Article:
Rosemary Sutcliff Anne Duchene - Essay

Anne Duchene

(Contemporary Literary Criticism)

Autobiography, however much one may try to modify the fact, is essentially the raising of a monument to oneself: an impulse which society may long have acknowledged as legitimate and healthy, but which still runs counter to inherited traditions of modesty and reticence. Rosemary Sutcliff, an honourable retailer and reteller of romance and epic, is the daughter of a naval officer, and a mother who taught her never to cry, always to conceal the fox beneath her cloak. Moreover, she was their only child, and physically handicapped. Deciding to record her early life—from infancy to the acceptance of her first book, in her early twenties—risks flouting the disciplines ingrained in her. It also means that we, the public,...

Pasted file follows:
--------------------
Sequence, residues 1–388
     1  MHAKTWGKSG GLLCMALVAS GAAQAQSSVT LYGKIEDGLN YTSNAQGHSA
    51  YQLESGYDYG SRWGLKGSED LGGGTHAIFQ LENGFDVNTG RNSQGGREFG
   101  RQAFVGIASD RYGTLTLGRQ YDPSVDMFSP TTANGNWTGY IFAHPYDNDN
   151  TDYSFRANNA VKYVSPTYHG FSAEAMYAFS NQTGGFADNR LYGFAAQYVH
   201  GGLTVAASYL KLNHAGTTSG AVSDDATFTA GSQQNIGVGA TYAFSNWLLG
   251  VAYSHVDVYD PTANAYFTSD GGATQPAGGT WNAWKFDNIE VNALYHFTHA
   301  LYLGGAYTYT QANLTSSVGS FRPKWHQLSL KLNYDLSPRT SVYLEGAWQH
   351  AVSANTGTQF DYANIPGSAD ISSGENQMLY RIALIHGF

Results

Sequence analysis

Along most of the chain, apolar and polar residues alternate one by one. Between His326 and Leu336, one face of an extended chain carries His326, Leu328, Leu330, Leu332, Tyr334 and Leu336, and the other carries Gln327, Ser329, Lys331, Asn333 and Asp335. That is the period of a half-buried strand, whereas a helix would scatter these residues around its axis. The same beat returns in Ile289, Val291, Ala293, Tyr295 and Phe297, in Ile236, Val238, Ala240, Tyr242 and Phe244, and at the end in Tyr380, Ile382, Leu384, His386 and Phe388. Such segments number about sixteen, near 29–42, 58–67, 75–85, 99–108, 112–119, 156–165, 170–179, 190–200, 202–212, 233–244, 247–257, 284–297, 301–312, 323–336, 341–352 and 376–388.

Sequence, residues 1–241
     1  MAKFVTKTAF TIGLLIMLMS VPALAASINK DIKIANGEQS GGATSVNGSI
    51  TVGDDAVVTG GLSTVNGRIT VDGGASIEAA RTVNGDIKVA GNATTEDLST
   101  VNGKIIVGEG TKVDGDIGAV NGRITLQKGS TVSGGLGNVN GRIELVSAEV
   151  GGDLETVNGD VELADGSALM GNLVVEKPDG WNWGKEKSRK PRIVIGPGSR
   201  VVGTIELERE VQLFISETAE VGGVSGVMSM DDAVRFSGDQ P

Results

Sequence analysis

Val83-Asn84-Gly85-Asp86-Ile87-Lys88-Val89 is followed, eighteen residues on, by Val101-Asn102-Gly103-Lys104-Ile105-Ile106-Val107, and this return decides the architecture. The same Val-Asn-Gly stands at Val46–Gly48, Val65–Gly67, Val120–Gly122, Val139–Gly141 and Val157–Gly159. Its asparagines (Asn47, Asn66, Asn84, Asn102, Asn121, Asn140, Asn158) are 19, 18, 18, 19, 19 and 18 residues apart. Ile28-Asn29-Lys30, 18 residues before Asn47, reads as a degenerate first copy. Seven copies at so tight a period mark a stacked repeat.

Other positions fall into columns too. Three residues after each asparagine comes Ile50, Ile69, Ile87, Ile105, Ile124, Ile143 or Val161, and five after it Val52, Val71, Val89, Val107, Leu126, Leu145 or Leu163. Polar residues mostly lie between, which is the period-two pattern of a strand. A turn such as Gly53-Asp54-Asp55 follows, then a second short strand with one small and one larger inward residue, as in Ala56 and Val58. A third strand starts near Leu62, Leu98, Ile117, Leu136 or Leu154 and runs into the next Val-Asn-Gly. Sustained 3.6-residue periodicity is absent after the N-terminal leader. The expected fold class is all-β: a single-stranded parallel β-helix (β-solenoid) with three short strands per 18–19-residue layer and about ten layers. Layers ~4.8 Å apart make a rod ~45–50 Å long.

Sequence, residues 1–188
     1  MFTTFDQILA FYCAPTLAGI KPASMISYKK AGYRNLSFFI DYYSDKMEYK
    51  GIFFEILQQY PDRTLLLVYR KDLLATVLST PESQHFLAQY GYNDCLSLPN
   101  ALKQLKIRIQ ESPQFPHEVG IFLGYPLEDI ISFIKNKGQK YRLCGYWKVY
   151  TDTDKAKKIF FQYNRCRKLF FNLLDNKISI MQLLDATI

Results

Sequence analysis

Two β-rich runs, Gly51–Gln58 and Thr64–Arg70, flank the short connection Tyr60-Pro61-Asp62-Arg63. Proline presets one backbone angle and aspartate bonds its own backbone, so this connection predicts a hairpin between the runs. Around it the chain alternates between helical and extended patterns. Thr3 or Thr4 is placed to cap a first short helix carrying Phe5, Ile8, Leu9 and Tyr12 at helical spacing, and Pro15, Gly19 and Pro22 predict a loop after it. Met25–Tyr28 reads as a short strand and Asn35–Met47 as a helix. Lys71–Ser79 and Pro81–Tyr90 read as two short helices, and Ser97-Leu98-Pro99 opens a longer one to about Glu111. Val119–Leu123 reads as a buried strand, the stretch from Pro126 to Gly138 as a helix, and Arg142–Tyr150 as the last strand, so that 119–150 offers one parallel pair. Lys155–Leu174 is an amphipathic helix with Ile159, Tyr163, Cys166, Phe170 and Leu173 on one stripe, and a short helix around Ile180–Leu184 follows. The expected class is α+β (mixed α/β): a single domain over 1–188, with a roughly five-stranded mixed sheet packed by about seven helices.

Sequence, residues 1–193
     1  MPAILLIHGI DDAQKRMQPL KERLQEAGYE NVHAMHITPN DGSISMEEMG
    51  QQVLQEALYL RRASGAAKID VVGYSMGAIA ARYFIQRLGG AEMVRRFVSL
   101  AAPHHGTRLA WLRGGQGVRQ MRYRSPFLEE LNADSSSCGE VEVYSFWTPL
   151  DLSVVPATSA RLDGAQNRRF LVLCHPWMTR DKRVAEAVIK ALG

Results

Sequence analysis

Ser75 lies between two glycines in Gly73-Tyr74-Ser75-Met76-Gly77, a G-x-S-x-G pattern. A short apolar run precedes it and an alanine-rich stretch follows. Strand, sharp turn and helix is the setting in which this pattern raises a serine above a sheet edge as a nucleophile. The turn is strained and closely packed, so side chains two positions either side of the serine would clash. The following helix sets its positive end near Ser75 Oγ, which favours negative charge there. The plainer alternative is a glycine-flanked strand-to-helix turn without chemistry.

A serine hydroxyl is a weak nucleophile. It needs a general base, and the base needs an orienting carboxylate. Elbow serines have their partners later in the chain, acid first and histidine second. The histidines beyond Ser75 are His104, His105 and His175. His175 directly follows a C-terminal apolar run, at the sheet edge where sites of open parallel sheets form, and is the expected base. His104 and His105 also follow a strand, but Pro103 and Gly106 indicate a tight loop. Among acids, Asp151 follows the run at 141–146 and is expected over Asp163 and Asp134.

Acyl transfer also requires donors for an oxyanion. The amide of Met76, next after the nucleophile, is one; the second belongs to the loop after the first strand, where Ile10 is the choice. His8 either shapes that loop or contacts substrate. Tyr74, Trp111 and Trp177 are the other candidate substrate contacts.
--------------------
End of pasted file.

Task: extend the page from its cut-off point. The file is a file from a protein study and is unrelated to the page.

(The entire section is 487 words.)